Monday, October 10, 2011
Spelunking in the suburbs
Firstly, if you are like me you will be wanting to know what the heck spelunking is. Legoman, while often unable find the salt directly in front of him in the pantry, is a wealth of information about all things trivial, particularly with interesting names. I am informed that spelunking is a much more interesting word than caving or cave exploration.
Secondly, if you are like me you will be wondering where on earth are there caves in suburban Brisbane? Well, let me fill you in on our adventure filled Sunday. Last weekend, while scoping out the lookout at Mt Gravatt mountain, Legoman discovered a geocache nearby. The cache description stated to never look for this one at night, and that it was not safe for children. We figured in broad daylight we would press on and I would turn back with the kids if it became too rugged.
We easily found the cache and then turned around and saw this huge hole. About 3 m deep we of course had to climb down and have a look. Unfortunately, being a cave and all it was too dark to see much. So an expedition was planned with our neighbours the Menace brothers for the following weekend. Backpacks were stocked with provisions, torches, rescue rope and maps. The Menace brothers being the oldest were straight in.
Liongirl, who had dressed for caving with boots, fairy skirt and pet lamb, was given the coveted job of winding up the battery free Ikea torch.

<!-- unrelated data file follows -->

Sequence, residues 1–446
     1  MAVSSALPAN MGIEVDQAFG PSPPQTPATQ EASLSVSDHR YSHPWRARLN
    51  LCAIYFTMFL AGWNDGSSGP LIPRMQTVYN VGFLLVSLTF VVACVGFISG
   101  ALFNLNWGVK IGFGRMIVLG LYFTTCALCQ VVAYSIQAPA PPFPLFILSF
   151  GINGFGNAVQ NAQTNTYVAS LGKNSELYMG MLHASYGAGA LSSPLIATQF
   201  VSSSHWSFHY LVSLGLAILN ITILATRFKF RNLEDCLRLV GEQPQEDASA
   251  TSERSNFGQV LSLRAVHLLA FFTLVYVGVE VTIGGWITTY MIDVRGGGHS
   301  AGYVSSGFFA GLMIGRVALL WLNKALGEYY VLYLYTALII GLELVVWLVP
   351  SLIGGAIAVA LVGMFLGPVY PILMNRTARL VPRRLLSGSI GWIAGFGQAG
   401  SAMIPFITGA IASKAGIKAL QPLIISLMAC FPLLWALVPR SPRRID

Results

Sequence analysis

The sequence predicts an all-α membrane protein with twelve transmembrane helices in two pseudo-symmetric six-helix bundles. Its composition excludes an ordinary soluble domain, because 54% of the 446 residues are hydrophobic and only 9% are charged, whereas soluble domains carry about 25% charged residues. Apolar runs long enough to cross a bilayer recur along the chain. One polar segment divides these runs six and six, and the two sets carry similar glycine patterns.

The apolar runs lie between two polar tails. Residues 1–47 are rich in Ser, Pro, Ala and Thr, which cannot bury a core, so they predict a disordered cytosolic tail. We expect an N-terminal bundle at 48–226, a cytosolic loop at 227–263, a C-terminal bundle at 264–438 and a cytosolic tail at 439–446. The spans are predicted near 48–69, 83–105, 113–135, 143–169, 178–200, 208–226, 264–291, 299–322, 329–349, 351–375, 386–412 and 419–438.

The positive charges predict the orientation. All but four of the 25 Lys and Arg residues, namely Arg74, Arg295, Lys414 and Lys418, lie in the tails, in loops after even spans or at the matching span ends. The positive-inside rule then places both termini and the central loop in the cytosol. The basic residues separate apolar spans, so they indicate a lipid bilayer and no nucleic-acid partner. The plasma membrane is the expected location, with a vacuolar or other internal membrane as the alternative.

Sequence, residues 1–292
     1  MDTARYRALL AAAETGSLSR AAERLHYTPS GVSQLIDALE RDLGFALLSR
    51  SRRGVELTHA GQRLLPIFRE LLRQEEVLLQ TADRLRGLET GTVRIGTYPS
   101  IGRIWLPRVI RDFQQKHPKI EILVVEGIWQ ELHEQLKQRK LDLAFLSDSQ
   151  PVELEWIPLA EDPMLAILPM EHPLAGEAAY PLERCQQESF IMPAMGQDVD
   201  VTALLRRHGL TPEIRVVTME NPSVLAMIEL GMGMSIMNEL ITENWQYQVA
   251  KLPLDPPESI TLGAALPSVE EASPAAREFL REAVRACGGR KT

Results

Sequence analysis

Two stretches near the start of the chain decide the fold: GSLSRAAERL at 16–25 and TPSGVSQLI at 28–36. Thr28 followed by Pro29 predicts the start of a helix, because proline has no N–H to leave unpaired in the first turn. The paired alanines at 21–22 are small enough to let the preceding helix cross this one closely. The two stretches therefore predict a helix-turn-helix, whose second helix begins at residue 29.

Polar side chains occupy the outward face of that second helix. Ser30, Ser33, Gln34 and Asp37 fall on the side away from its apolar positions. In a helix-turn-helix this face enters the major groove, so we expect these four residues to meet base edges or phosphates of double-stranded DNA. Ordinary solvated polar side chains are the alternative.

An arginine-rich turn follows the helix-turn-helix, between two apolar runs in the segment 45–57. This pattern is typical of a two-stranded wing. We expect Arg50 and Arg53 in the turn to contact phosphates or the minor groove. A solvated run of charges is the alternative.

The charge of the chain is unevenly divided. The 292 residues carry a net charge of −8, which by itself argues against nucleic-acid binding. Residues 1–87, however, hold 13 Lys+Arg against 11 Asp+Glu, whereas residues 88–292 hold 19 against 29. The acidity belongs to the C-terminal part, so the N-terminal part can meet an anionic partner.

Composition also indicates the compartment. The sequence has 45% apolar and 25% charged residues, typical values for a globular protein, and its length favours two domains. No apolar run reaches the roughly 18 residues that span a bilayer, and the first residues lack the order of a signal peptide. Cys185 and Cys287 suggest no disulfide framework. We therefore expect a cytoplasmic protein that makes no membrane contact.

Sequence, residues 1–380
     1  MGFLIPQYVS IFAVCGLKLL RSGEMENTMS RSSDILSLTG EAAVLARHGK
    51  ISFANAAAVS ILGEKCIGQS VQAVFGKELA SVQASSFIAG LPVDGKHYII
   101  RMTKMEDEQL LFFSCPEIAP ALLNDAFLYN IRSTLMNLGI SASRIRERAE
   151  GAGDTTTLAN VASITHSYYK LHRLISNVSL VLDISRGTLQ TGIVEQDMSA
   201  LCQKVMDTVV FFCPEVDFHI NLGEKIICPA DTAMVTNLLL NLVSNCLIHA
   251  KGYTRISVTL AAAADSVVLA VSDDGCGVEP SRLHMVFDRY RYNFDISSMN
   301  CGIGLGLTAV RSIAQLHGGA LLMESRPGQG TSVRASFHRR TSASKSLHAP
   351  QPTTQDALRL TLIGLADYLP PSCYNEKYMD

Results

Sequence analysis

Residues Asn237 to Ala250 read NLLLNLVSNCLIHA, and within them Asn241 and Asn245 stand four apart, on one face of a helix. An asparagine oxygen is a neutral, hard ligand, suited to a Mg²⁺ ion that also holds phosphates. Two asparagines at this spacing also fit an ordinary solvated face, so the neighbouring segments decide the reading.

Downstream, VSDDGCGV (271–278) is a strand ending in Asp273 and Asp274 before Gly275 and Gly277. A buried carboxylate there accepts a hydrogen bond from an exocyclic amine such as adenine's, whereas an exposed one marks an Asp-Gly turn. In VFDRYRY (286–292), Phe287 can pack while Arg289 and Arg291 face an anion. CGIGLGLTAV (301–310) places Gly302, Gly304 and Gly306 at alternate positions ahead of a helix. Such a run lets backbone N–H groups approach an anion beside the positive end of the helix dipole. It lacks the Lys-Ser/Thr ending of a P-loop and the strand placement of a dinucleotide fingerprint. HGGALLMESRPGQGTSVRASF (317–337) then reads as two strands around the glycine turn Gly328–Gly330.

When we got to the bottom this time, we were prepared for some serious exploration.
I had felt a breeze down there last week and suspected a connection to a larger cave we had found. Sure enough, there was a tunnel and the boys were off.
A few minutes later and we stepped out into a massive cavern with several light well holes filled with ferns. Hence the suggestion not to go geocaching around these parts in the dark. Yep, the tiny figures at the bottom are the dads.
And we found the other bigger cave entrance, no warning signs, no barricades, no theme park entrance ticket booth. Just pure unadulterated boy's own adventure stuff with the possibility of spiders, bats, a cave in, skeletons and treasure. For the record we only saw some dead huntsmen spiders and a small frog.
But it was so super exciting, we had to go all the way back through and up our original rope.
And then we packed up all our gear and talked about caving, and talked some more and then we were all so hyped up we thought we had best find some more geocaches. The caves must be known to locals as there was evidence of a fire within the large one and they are quite close to some houses that back onto the forest, but I am still amazed that they were not closed to the public for safety reasons.
We were thankful for the opportunity to take a risk and sail unchartered waters so to speak. I think that opportunities like these are particularly important to boys who thrive on quests and adventure and whose everyday lives are often so safe and sanitized that they can only obtain this kind of adventure in a computer generated world.
After all this we were pretty worn out so it was straight up to the cafe for Lemonade icypoles.
There is nothing better than adventuring in your own backyard with neighbourhood mates. We feel so lucky to live where we do and have a neighbourhood of like minded kids and parents. And we are getting really excited about Halloween as our whole street gets right into this celebration as well.